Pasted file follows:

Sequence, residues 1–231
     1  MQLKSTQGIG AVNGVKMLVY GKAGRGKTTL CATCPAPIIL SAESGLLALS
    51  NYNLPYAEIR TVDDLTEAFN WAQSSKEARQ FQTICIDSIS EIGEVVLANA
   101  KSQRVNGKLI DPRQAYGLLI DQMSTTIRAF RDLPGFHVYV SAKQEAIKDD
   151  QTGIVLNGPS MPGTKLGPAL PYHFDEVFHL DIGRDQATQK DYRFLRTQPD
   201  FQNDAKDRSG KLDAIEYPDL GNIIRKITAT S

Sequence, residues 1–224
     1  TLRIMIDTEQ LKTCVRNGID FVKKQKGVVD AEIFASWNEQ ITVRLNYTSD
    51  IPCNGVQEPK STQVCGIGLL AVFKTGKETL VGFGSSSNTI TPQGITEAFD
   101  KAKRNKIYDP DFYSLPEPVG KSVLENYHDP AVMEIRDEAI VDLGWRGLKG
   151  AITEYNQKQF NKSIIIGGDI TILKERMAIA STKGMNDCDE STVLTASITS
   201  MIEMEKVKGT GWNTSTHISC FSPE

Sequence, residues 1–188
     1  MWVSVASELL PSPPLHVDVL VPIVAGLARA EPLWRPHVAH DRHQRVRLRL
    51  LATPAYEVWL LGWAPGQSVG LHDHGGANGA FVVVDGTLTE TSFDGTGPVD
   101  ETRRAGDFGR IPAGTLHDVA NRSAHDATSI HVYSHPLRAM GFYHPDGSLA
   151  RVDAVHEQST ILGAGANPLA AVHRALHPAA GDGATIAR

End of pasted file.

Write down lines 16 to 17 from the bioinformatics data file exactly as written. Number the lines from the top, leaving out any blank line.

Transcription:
   101  ETRRAGDFGR IPAGTLHDVA NRSAHDATSI HVYSHPLRAM GFYHPDGSLA
   151  RVDAVHEQST ILGAGANPLA AVHRALHPAA GDGATIAR